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 Chapter 1. Basics 2. Fluid Statics 3. Kinematics 4. Laws (Integral) 5. Laws (Diff.) 6. Modeling/Similitude 7. Inviscid 8. Viscous 9. External Flow 10. Open-Channel Appendix Basic Math Units Basic Equations Water/Air Tables Sections Search eBooks Dynamics Statics Mechanics Fluids Thermodynamics Math Author(s): Chean Chin Ngo Kurt Gramoll ©Kurt Gramoll

FLUID MECHANICS - THEORY

In this section, mass density will be introduced. The concept of the specific weight will also be presented.

Mass Density

Mass Density

Copper Cube in Water and Mercury

The mass density (ρ) of a fluid is defined as the ratio of the mass of the fluid (m) to its volume (V). That is,

 ρ = m/V

The SI unit for the mass density is kg/m3 while the English unit is slugs/ft3.

For liquids, mass density is not a strong function of temperature and pressure. Hence, density is generally assumed to be independent of the temperature and pressure for liquids. On the other hand, for gases, density varies with both temperature and pressure. The relation between ρ, T and P for gases is given by the ideal gas law, which will be presented in a later section.

The density of different liquids has a wide range. For example, the density of water at 16oC is 999 kg/m3 while the density of mercury at 20oC is 13,550 kg/m3. In order for an object to float in a liquid, the density of the object must be less than that of the liquid. For example, a copper cube (ρ = 9,000 kg/m3) will sink in water but it will float on mercury.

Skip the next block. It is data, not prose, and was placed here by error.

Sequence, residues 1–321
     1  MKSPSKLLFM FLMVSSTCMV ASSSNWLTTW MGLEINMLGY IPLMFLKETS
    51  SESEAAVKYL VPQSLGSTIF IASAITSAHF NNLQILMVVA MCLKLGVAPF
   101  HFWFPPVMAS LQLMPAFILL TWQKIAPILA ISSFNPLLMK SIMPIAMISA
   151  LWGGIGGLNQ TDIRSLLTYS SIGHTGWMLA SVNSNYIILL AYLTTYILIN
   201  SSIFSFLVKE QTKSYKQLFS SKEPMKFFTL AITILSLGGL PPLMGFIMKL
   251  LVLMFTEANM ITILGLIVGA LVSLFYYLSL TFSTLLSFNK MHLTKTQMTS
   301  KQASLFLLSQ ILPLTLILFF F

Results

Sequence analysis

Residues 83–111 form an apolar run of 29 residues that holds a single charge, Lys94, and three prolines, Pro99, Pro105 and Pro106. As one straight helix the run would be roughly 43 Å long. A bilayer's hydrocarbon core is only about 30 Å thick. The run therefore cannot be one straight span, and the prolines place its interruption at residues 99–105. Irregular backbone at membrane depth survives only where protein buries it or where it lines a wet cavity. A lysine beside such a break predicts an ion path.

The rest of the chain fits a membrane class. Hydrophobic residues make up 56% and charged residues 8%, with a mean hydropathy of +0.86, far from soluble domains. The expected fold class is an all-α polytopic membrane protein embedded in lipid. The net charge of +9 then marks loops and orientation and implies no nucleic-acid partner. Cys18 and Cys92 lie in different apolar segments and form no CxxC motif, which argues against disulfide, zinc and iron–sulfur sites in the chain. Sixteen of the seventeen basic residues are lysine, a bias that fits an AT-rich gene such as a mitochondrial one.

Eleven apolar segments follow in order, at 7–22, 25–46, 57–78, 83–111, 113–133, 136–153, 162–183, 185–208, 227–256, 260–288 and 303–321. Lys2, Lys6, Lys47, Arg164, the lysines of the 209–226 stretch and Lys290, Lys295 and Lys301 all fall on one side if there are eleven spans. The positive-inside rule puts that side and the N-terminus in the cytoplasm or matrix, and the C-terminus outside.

20°C (68°F) 1 atm Density, ρ (kg/m3) (slug/ft3) Water, pure 998 1.936 Water, sea 1,025 1.989 Ammonia 608 1.180 Benzene 881 1.709 Carbon Tetrachloride 1,590 3.085 Ethanol 789 1.531 Freon 12, liquid 1,327 2.575 Gasoline 680 1.319 Glycerin 1,260 2.445 Kerosene 804 1.560 Mercury 13,550 26.29 Methanol 791 1.535 SAE 10W Oil 870 1.688 SAE 30W Oil 891 1.729 SAE 50W Oil 902 1.750
For gases, a similar phenomenon can be observed. Consider the balloons, as shown in the figure. The density of helium inside the balloons is less than the surrounding air for a given temperature and pressure, hence the balloons rise in air. For more information on this subject, readers are referred to the discussion of buoyancy.

Specific Weight (or Weight Density)

The specific weight, γ, of a fluid is defined as

 γ = ρg

where g is the gravitational acceleration. Basically, the specific weight represents weight per unit volume. Sometimes it is also referred to as the weight density. The SI unit for the specific weight is N/m3 while the English unit is lb/ft3.

Specific Gravity

Specific gravity is simply the ratio of the specific weight of a given liquid to the specific weight of water at 4° C (γwater = 9.81 kN/m3 or 62.4 lb/ft3).

 SG = γ / γwater

This definition is helpful when comparing densities of different liquids.

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